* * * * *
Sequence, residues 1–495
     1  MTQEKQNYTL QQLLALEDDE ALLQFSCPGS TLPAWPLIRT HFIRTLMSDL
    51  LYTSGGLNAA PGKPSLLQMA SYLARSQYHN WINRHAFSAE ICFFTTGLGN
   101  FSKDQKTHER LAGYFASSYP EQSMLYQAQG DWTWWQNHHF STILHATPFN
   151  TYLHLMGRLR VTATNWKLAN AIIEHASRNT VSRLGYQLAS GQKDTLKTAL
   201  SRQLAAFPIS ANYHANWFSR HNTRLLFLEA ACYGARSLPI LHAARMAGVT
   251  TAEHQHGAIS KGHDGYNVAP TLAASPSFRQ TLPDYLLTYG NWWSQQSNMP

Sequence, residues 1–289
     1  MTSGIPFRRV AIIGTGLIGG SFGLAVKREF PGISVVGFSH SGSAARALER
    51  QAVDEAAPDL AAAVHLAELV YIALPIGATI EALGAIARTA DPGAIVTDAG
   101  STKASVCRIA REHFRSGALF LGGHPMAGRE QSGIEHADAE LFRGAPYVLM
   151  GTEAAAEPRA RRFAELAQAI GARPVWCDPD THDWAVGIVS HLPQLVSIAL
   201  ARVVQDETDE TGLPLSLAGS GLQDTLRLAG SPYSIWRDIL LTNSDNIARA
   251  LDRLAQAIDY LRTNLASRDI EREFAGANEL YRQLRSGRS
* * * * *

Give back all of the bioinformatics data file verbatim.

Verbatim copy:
Sequence, residues 1–495
     1  MTQEKQNYTL QQLLALEDDE ALLQFSCPGS TLPAWPLIRT HFIRTLMSDL
    51  LYTSGGLNAA PGKPSLLQMA SYLARSQYHN WINRHAFSAE ICFFTTGLGN
   101  FSKDQKTHER LAGYFASSYP EQSMLYQAQG DWTWWQNHHF STILHATPFN
   151  TYLHLMGRLR VTATNWKLAN AIIEHASRNT VSRLGYQLAS GQKDTLKTAL
   201  SRQLAAFPIS ANYHANWFSR HNTRLLFLEA ACYGARSLPI LHAARMAGVT
   251  TAEHQHGAIS KGHDGYNVAP TLAASPSFRQ TLPDYLLTYG NWWSQQSNMP

Sequence, residues 1–289
     1  MTSGIPFRRV AIIGTGLIGG SFGLAVKREF PGISVVGFSH SGSAARALER
    51  QAVDEAAPDL AAAVHLAELV YIALPIGATI EALGAIARTA DPGAIVTDAG
   101  STKASVCRIA REHFRSGALF LGGHPMAGRE QSGIEHADAE LFRGAPYVLM
   151  GTEAAAEPRA RRFAELAQAI GARPVWCDPD THDWAVGIVS HLPQLVSIAL
   201  ARVVQDETDE TGLPLSLAGS GLQDTLRLAG SPYSIWRDIL LTNSDNIARA
   251  LDRLAQAIDY LRTNLASRDI EREFAGANEL YRQLRSGRS